5. You can buy replacement gas canisters and take 1 or 2 extras with you at about a hundred bucks each, in case you have an accident and want to re-activate it (unlike the Alpinestars Tech 5 Air). This is a handy feature. After 3 deployments you are meant to have it inspected by an authorised dealer.
  6. The Klim airbag vests don’t have shoulder, or elbow protection and in my case no chest protection either.
  7. By providing neck protection this negates the need for a neck brace. In fact they are not compatible together.
  8. There’s some setup, downloading the app and picking a subscription, charging the battery and getting it going. Nothing hard, unless you’re trying to do it somewhere on the highway between Coober Pedy and Alice Springs where there’s no mobile reception, as I did enroute to the FDR.

My vest arrived shortly before I set off for Finke. I had time to do two training rides with it prior, then a little pre-running. I didn’t activate it at first, I wanted to get a feel for what it was like to ride with and how I was going to make it work with my existing armour and hydration pack.

I have a Leatt pressure suit – the 3DF Airfit Hybrid Body Protector. This is a popular piece of kit that has served me well. It’s almost their top spec, and since buying it Leatt have also introduced the 6.5 Graphene Body Protector which I have also tested.

I decided to keep wearing my Leatt armour because I wanted chest, shoulder and elbow protection. Most of my crashes have me landing on one shoulder and whilst not life threatening, shoulders are pretty useful. I removed the backplate from the Leatt as the Klim has its own. Then on it went, over my pressure suit.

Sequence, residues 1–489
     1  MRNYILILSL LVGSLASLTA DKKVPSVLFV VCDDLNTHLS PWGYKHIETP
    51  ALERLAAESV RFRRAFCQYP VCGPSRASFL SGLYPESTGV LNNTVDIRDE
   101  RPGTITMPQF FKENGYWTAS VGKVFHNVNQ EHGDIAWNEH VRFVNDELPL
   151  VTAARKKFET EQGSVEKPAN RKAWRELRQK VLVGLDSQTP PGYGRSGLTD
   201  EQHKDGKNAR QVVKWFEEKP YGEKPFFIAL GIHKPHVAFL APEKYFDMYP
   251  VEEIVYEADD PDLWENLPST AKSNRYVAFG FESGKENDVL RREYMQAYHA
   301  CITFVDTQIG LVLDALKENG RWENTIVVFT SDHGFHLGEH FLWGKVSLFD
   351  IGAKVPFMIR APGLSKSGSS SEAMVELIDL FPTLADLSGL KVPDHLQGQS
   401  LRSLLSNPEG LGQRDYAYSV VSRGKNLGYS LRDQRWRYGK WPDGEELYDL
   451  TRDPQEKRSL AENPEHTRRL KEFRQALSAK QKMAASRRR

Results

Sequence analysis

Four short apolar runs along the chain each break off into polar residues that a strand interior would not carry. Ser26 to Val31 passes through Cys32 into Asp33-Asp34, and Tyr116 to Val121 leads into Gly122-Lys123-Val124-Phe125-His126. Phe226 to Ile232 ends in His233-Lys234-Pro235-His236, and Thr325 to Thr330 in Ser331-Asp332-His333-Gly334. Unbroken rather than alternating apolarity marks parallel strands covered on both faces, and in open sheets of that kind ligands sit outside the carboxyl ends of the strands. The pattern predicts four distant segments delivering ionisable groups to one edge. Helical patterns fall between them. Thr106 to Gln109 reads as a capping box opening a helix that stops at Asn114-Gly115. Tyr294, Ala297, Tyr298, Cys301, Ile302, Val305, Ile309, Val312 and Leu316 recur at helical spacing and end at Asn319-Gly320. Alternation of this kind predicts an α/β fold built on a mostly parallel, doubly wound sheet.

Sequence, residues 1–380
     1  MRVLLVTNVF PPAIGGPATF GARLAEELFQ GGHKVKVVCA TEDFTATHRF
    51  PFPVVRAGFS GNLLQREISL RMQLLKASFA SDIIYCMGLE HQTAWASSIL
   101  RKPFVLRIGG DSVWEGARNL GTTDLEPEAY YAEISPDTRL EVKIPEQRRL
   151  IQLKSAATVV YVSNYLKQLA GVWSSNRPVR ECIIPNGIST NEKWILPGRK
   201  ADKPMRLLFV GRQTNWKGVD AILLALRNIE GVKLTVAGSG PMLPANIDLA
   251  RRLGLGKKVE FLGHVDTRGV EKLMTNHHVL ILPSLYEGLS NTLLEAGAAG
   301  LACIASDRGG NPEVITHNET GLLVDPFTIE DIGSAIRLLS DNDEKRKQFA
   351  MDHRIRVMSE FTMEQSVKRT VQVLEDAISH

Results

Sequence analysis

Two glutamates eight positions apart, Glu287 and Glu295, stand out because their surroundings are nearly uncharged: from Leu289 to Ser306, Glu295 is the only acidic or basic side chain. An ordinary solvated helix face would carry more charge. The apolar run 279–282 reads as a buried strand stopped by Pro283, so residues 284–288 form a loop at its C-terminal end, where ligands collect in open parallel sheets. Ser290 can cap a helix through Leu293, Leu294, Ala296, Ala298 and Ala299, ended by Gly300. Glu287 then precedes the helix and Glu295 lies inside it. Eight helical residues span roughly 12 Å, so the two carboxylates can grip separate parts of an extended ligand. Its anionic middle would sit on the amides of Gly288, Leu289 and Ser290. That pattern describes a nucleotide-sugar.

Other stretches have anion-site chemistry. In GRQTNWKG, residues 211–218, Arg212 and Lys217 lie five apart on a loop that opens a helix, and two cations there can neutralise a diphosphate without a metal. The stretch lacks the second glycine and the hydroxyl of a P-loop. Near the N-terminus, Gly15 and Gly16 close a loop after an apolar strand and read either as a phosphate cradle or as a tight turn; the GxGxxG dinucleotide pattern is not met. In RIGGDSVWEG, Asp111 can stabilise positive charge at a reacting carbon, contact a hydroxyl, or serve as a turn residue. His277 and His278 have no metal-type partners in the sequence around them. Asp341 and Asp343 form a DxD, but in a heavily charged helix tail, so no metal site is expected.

So what was it like? Well the fit is fine. The extra layer and weight isn’t huge but you notice it, especially when conditions are warm. They don’t breathe well, because any airbag has to be sealed.

Also the back plate which houses the technology is quite rigid. So unlike my Leatt back plate which flexes and bends this is less accommodating but tolerable. Basically I could ride with it fine but I was a little hotter and less comfortable.

There was still one pressing problem. I didn’t have a hydration pack solution. My Ogio 2L pack isn’t airbag compatible. I did actually buy an USWE waist hydration pack, but it literally arrived in Alice Springs just before Prologue.

Without time to test them together I was in a pickle. Furthermore during pre-running one day it was 30c and I was cooking. I knew if I got hotter, thirstier and more fatigued as a result of extra kit I was essentially trading primary safety for secondary safety. So I made the call to race without it. I would need to do more testing, and overall set up experimentation before committing to it.

So does that mean the airbag vest isn’t good? No, it definitely has its use cases.

  1. Rally. FIM rallies mandate airbags. Anytime you’re doing long distances, long consecutive days at high speed the risk of serious accidents increases. It may well save your life. And since everyone has to wear one, there’s no ‘riding’ disadvantage.
  2. For adventure riders I think this could be a life-saver with minimal negatives. On more open roads, over longer distances the extra weight and heat aren’t a problem. Adventure riding typically means higher average speeds and an accident can be serious. Many adventure or rally jackets have shoulder protection, elbow protection and space to fit a hydration pack, just check they’re airbag compatible and should pair well together.
  3. Another potential use case is training for high speed desert races. An airbag vest reduces risk and means you train ‘harder’ conditioning your body to be stronger. Whether you wear it or not come race day is a personal decision.

Personally if I take up rallying down the track I will be wearing an airbag vest whether it’s mandatory or not, due to the increased likelihood of a high speed incident.